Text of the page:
- Associated Press - Thursday, November 6, 2014

FAIRBANKS, Alaska (AP) - University of Alaska regents have voted to request $395.8 million in state funding from the Legislature next session, about $22 million than what it received this fiscal year, despite warnings that spending is likely to be tight.

At a regents meeting Wednesday, university President Patrick Gamble was not optimistic about obtaining funding that would maintain the current level of spending, the Fairbanks Daily News-Miner reported. Actual funding could require a third year of serious cuts, he said, and elimination of some academic programs and employee layoffs may be needed to address a funding gap.

Gov. Sean Parnell had already told regents to expect no more than a “hold the line” budget for the fiscal year that begins July 1.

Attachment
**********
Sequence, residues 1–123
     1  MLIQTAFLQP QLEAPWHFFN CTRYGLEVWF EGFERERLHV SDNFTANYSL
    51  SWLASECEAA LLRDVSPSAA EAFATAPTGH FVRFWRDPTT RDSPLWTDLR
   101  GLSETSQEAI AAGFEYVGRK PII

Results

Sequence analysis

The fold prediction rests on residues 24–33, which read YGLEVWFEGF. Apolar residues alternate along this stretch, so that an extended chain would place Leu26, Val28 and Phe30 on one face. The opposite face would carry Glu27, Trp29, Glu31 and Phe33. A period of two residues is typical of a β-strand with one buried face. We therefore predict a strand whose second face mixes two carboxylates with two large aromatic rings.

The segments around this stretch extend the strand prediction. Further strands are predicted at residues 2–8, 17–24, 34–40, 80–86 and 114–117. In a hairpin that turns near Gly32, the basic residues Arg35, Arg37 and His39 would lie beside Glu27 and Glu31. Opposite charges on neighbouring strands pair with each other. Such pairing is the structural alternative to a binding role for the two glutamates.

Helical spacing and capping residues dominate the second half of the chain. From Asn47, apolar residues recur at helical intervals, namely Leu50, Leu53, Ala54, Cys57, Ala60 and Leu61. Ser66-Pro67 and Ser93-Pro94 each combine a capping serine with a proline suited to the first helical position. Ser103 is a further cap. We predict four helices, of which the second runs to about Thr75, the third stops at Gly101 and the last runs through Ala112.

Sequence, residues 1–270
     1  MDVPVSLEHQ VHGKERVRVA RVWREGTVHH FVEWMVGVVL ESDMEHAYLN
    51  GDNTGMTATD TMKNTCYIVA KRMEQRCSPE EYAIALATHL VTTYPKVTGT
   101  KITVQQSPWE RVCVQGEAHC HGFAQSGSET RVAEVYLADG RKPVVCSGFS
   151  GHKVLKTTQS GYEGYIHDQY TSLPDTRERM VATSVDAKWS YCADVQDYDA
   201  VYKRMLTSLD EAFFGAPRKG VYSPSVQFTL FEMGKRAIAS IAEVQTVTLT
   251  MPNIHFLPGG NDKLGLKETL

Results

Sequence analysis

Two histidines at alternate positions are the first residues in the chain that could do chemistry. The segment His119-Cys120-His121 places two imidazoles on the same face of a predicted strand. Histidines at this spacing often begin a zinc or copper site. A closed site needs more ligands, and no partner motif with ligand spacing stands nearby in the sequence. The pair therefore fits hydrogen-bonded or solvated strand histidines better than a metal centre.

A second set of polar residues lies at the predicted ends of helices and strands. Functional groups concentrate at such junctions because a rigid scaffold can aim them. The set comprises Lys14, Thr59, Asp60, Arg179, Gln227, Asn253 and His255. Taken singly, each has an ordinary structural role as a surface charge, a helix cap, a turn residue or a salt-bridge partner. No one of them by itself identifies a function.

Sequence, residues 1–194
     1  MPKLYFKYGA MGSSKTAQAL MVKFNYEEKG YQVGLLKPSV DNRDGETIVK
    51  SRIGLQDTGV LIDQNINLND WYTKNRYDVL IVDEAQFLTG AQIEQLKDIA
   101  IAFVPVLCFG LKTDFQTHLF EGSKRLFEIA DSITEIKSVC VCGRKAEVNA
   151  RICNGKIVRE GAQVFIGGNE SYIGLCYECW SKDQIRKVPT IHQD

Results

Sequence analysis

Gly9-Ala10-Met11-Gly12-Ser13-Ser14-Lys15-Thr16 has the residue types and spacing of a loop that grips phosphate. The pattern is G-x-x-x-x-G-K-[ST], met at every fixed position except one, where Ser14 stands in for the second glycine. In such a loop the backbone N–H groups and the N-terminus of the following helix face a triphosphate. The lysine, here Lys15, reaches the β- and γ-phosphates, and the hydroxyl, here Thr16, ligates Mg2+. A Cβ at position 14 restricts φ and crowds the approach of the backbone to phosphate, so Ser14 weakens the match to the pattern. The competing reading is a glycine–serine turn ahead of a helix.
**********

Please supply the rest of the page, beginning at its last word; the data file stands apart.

The price of oil, which fuels upward of 90 percent of state revenue, has fallen from more than $110 per barrel to about $80 per barrel.

By the end of next year, Gamble said, the university may have cut its budget by as much as $80 million in three years to offset rising fixed costs and declining state funding. Fat has been trimmed, he said, and the “big muscle cuts” could be made to programs or departments.



“Whether you did it slow or did it fast, the mop is wrung out,” Gamble said.

Lawmakers during the 2014 legislative session approved funding at nearly $25 million less than regents requested.

Regents took testimony Wednesday from students who fear their programs could be eliminated. Students called for continued support of philosophy, education, engineering, film studies and fire science programs.

Some decisions will be unpopular, Gamble said.

“We’re not going to duck and avoid this,” Gamble said. “It’s coming, and we’ve got to figure out how we’re going to do this.”

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Information from: Fairbanks (Alaska) Daily News-Miner, https://www.newsminer.com

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